The Toyota Verso-S is a successor to the unexpectedly popular Yaris Verso. Launched in the UK in 1999, the Yaris Verso remained on sale until late 2005, during which time it sold over 10,500 units in the UK. It was decided that the second generation was too similar to the standard Yaris to sell well in the UK, hence the many years without a B-segment MPV in Toyota’s line-up.

The concept of a supermini MPV is not a new one. There are a number of variations on the theme on offer today, among them the Honda Jazz, Citroën C3 Picasso, Kia Venga, Nissan Note and now Toyota is taking them on with the new Verso-S.

Staff writer
The Verso-S can carry four people and luggage, but without flair,originality or brilliance

On paper the Verso-S looks like a good entrant in this niche in the supermini market. It is less than four metres long, has a pretty roomy cabin and seemingly ticks all the boxes that will matter most to prospective (and most likely older) buyers – with both comfort and affordability top of that priority list. It’s as well that the 1.33 VVT-i petrol version isn’t expensive to run, since it’s the only engine option available.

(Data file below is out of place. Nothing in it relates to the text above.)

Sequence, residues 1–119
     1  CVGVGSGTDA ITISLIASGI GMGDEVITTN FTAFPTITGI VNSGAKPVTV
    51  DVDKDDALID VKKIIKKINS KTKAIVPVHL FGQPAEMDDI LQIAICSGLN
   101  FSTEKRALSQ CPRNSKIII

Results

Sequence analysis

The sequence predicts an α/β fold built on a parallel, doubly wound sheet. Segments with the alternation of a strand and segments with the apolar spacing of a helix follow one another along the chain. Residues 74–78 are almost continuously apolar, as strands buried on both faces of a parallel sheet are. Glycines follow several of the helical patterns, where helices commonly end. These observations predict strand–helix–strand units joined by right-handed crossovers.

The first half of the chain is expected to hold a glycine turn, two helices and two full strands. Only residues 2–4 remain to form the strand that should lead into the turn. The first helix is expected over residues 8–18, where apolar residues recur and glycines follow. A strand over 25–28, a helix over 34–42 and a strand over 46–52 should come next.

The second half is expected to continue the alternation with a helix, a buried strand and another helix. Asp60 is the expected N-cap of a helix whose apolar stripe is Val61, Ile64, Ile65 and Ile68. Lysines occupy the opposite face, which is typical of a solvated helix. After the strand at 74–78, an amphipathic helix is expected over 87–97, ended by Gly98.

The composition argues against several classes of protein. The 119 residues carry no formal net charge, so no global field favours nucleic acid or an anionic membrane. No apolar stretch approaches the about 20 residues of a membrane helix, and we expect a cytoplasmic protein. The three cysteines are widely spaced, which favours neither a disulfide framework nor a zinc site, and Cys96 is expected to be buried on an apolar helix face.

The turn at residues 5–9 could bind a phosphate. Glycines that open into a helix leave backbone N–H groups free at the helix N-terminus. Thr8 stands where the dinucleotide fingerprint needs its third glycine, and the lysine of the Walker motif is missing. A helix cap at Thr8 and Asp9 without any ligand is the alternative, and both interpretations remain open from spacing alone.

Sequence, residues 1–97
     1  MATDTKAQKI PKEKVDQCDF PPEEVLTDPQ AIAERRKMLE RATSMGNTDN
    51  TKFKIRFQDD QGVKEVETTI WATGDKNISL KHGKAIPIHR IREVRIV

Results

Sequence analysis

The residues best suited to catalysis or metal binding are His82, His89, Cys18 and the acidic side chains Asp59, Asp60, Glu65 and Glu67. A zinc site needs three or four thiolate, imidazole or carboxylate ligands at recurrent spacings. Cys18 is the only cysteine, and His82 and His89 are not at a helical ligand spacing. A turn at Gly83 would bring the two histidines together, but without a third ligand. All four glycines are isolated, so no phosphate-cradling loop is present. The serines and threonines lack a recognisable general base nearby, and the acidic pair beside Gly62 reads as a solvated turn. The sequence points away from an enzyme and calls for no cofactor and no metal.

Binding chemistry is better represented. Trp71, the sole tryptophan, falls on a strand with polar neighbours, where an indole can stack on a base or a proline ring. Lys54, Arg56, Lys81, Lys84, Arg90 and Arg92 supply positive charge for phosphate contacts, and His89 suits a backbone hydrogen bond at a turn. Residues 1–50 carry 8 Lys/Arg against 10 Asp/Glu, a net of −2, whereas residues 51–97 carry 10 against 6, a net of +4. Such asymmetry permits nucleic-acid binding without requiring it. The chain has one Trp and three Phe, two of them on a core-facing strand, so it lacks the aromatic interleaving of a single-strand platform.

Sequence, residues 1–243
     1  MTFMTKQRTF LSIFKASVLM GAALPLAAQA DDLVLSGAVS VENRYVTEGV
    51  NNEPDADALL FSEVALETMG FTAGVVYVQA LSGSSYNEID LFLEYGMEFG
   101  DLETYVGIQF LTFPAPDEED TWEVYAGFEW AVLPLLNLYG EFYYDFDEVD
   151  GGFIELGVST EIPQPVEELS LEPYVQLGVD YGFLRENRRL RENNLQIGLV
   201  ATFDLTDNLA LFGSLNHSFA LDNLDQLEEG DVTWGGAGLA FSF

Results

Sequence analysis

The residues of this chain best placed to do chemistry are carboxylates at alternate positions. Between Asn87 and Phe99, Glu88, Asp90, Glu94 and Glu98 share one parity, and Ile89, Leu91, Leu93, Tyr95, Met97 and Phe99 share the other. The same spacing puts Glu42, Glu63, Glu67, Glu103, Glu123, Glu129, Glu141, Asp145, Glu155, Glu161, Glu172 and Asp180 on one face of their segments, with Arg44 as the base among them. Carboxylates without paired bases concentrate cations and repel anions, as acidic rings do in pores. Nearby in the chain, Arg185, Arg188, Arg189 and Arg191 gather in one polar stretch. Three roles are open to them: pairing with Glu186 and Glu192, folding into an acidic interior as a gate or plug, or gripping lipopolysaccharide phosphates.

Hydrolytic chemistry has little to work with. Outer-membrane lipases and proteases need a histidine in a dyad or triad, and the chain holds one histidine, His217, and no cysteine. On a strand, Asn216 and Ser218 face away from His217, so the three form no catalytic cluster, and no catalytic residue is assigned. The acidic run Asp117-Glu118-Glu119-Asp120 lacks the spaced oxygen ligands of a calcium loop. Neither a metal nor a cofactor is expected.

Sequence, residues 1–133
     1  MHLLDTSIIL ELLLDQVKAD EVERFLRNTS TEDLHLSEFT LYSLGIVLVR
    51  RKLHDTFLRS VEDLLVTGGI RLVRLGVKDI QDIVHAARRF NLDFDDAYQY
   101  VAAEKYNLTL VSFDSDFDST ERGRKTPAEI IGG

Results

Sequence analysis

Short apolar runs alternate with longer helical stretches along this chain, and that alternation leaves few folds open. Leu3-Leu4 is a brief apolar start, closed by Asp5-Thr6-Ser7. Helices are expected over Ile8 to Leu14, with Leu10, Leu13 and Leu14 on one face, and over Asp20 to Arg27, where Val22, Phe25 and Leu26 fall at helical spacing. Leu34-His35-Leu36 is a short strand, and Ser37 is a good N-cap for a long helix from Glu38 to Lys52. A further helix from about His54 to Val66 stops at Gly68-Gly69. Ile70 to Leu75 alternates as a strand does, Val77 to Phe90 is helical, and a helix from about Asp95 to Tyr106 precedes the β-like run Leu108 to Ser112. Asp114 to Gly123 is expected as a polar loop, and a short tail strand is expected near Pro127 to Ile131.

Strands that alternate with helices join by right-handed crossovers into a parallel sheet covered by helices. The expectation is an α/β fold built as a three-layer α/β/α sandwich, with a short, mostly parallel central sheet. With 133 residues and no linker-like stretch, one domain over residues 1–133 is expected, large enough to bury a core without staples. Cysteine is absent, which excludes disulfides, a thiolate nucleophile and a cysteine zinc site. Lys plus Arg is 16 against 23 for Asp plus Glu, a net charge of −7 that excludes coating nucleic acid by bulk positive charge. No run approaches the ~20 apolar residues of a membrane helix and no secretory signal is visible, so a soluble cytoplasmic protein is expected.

So there’s one engine, but two trim levels, both reasonably specced: the TR and the more luxurious T-Spirit. By the standards of its limited direct rivals, the Verso-S appears very competitive. But with a list price that puts it up against plenty of models besides mini-MPVs that offer a broad array of talents, the Verso-S needs to do more than just meet the standards of its niche segment to stand out.